Burlington, Wash. officials have notified hundreds of employees and residents that their bank account information was compromised last week when hackers broke into city systems and stole more than $400,000 from a city account at Bank of America.
Among those impacted by the breach are employees participating in Burlington's electronic payroll deposit program and utility customers enrolled in the city's autopay program for sewer and storm drain charges.
In an alert issued this morning, city administrator Bryan Harrison said all autopay customers should assume that their name, bank account number and routing number was comprised following an intrusion into a city utility billing system.
He urged affected customers to immediately contact their bank to flag or close their accounts.
All employees participating in the city's electronic payroll deposit program have also been asked to close out their old accounts and establish a new one as a result of the breach, Harrison told Computerworld Monday.
The employees have also been asked to notify major credit-reporting agencies about the breach and to alert them about the potential for identity theft.
"At this point, we don't know the full extent of the exposure,'' Harrison said. The U.S. Secret Service and other law enforcement agencies are investigating the breach, he added.
According to Harrison, the city first learned of the online heist last Thursday when an east coast bank sought information about a series of suspicious transfers from a Burlington city account.
"They called our finance department and said there are all these funny transactions going on. [They asked:] Did you move money to these accounts?" Harrison said.
The city immediately reviewed the activity and noticed at least three "significant transactions" from its Bank of America account to accounts at the east coast bank. In all, over $400,000 was illegally transferred to business and personal accounts around the country over a two-day period, Harrison said.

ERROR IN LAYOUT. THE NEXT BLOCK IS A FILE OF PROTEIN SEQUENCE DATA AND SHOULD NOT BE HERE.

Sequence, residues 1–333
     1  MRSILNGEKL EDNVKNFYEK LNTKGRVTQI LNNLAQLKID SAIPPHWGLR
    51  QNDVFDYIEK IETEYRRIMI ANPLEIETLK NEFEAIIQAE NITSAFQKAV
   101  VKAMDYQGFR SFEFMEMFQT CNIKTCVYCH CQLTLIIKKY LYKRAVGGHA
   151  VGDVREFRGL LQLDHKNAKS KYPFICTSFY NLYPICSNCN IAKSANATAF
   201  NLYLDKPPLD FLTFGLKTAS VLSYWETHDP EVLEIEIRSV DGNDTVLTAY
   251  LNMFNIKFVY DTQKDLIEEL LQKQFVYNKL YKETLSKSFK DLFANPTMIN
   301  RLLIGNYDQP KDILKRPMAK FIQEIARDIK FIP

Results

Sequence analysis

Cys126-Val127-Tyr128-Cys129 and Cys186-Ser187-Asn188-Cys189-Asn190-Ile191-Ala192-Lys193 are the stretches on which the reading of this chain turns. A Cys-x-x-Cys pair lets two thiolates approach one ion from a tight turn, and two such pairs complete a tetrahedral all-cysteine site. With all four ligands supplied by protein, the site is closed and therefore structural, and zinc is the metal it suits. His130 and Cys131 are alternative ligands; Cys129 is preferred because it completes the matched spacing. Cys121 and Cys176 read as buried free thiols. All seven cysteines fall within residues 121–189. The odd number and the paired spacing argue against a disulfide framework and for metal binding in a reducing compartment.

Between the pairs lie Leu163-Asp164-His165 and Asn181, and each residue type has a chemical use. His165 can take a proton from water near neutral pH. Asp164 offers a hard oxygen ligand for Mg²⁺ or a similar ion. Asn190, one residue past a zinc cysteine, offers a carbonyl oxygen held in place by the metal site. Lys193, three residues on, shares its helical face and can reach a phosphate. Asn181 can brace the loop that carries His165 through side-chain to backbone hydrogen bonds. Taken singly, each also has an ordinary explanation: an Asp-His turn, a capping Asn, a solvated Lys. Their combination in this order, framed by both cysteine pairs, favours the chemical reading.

The theft could have been much worse because the affected account contained a lot more cash, he said.. "There was much more in that specific account. We don't know if [the hackers] just didn't have the time" to steal more funds.
Investigators are trying to figure out how the intruders gained access to the Bank of America account. The account has been frozen and all of the city's money has been temporarily moved out of Bank of America as a precaution.
Numerous other small town, municipalities and small businesses have been victimized by similar online heists over the past three or four years.
In most incidents, the cybercrooks first stole usernames and passwords used by to gain access to bank accounts. The stolen credentials were then used to log into the online accounts and wire transfer money to mule accounts in the United States and abroad.
The FBI has estimated that U.S. businesses and banks have lost hundreds of millions of dollars due to such thefts in recent years.
The Burlington theft came just days after security firm RSA warned of cybercriminals plotting a massive and concerted campaign to steal money from the online accounts of thousands of consumers at 30 or more major U.S. banks.
In an advisory posted earlier this month, RSA said it had information suggesting that a criminal gang planned to unleash a Trojan program called Gozi Prinimalka that would infiltrate computers belonging to U.S. banking customers and to initiate fraudulent wire transfers from their accounts.
According to RSA, the organizers of the attack are currently recruiting about 100 botmasters to launch and coordinate the attacks.
Since RSA's alert, several other security experts have reported seeing the signs of preparation of an imminent and massive attack against U.S banking customers.
Jaikumar Vijayan covers data security and privacy issues, financial services security and e-voting for Computerworld. Follow Jaikumar on Twitter at @jaivijayan, or subscribe to Jaikumar's RSS feed . His e-mail address is email@example.com.
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This story, "Cyberthieves loot $400,000 from city bank account" was originally published by Computerworld.